Dec 5, 2016 3:29:01 PM
Compliance Is Not Equivalent to Security

How Are Achieving Cyber Security Compliance and a Truly Secure State Different?

Achieving Compliance is Not Equivalent to Achieving an Actual Secure State

The backdrop of today’s information security landscape is riddled with demands of the myriad of industry and government compliance requirements for protecting information. From HIPAA to PCI to countless other industry and government compliance mandates, the regulations are complex and seemingly endless, and most businesses have to put a considerable amount of resources toward achieving and maintaining compliance.

But here’s the trouble—many businesses, throughout all sectors, fall victim to the false belief that achieving compliance with a given regulation is equivalent to achieving actual security. It is true that compliance is absolutely critical; the consequences of failure to comply can involve legal consequences, including federal fines. Further, it makes sense that businesses often equate compliance with security, given the cybersecurity stipulations put forth by regulatory bodies.

However, when you take a closer look, most compliance requirements provide baseline recommendations for information security; not detailed conditions for a secure operating state. The required security controls are not necessarily specific, and for good reason—the security controls your business should use is incredibly variable depending on numerous factors, including industry, company size, sensitivity of information, amount of data, and countless others.


Consider HIPAA, for example. According to the U.S. Department of Health and Human Services, “The Security Rule” requires that covered entities maintain reasonable physical, technical, and administrative safeguards for securing electronic protected health information (ePHI). The specifics stipulate that covered entities do the following with regard to protecting ePHI:

  • Ensure confidentiality, integrity, and availability of e-PHI
  • Identify and protect against reasonably anticipated threats to information security
  • Protect against reasonably anticipated, impermissible uses or disclosures
  • Ensure workforce compliance

It’s not as exact as a lot of organizations believe, and many requirements coming from other regulatory bodies are presented similarly. Your business is being asked to show that you’re protecting information at a certain level, but you’re not necessarily told how. Here’s where the actual security controls you choose to employ come in.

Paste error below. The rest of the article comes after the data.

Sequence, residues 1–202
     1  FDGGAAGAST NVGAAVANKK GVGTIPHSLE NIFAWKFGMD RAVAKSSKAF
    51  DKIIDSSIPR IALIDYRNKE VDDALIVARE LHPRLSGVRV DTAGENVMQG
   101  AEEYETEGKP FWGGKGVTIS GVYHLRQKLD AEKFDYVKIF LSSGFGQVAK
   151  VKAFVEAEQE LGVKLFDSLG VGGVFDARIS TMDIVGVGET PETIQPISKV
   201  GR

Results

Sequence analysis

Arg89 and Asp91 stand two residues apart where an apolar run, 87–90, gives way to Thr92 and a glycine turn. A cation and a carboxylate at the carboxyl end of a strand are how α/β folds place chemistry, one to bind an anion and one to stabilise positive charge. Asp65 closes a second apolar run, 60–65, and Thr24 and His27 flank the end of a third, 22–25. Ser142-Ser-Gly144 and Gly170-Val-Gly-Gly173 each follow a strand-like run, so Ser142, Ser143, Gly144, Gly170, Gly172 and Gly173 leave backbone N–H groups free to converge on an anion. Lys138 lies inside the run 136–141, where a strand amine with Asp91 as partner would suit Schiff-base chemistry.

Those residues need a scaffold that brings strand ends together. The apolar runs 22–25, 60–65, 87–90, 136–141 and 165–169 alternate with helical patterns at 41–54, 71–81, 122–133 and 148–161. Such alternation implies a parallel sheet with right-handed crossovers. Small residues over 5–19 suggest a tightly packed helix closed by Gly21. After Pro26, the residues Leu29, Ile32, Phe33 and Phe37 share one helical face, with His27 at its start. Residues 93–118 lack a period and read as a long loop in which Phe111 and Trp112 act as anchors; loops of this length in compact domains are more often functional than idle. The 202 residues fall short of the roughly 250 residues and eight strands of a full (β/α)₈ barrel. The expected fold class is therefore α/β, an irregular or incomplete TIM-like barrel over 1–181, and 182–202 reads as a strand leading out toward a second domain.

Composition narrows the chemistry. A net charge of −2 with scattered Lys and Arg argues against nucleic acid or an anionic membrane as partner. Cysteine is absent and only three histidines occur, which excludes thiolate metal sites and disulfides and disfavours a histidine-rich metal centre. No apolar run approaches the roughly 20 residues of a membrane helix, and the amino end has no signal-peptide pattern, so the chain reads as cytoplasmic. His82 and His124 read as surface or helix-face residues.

A Risky Way to Approach Managing Security Controls

It’s common for businesses to associate compliance with security, which often results in taking a bare minimum approach to choosing security tools. This paradigm can actually lead to the opposite of what compliance requirements are designed to achieve, leaving businesses vulnerable to greater risk.

 

In the realm of information security, compliance means being able to demonstrate a certain level of data protection according to a regulation, but it doesn’t mean that your business is safe from breach. Making this distinction is critical, because selecting the right tools and strategy for achieving security for your business depends on your unique needs.

 

Achieve and Maintain Compliance and Security

Depending on the nature of the compliance requirements in your industry related to regulations and governance, some policies may be more complex than others. An organization may also require stricter policies, depending on its tolerance for risk. The key takeaway where the compliance vs. security conundrum is concerned is understanding how to achieve and maintain compliance, while also effectively balancing the development and management of a security program that will protect your business from risk.

 

CSS is available to talk about the compliance-related cyber security questions your organization has. Our cybersecurity experts can work with you to navigate the compliance landscape and identify the best cybersecurity approach for your business.

 

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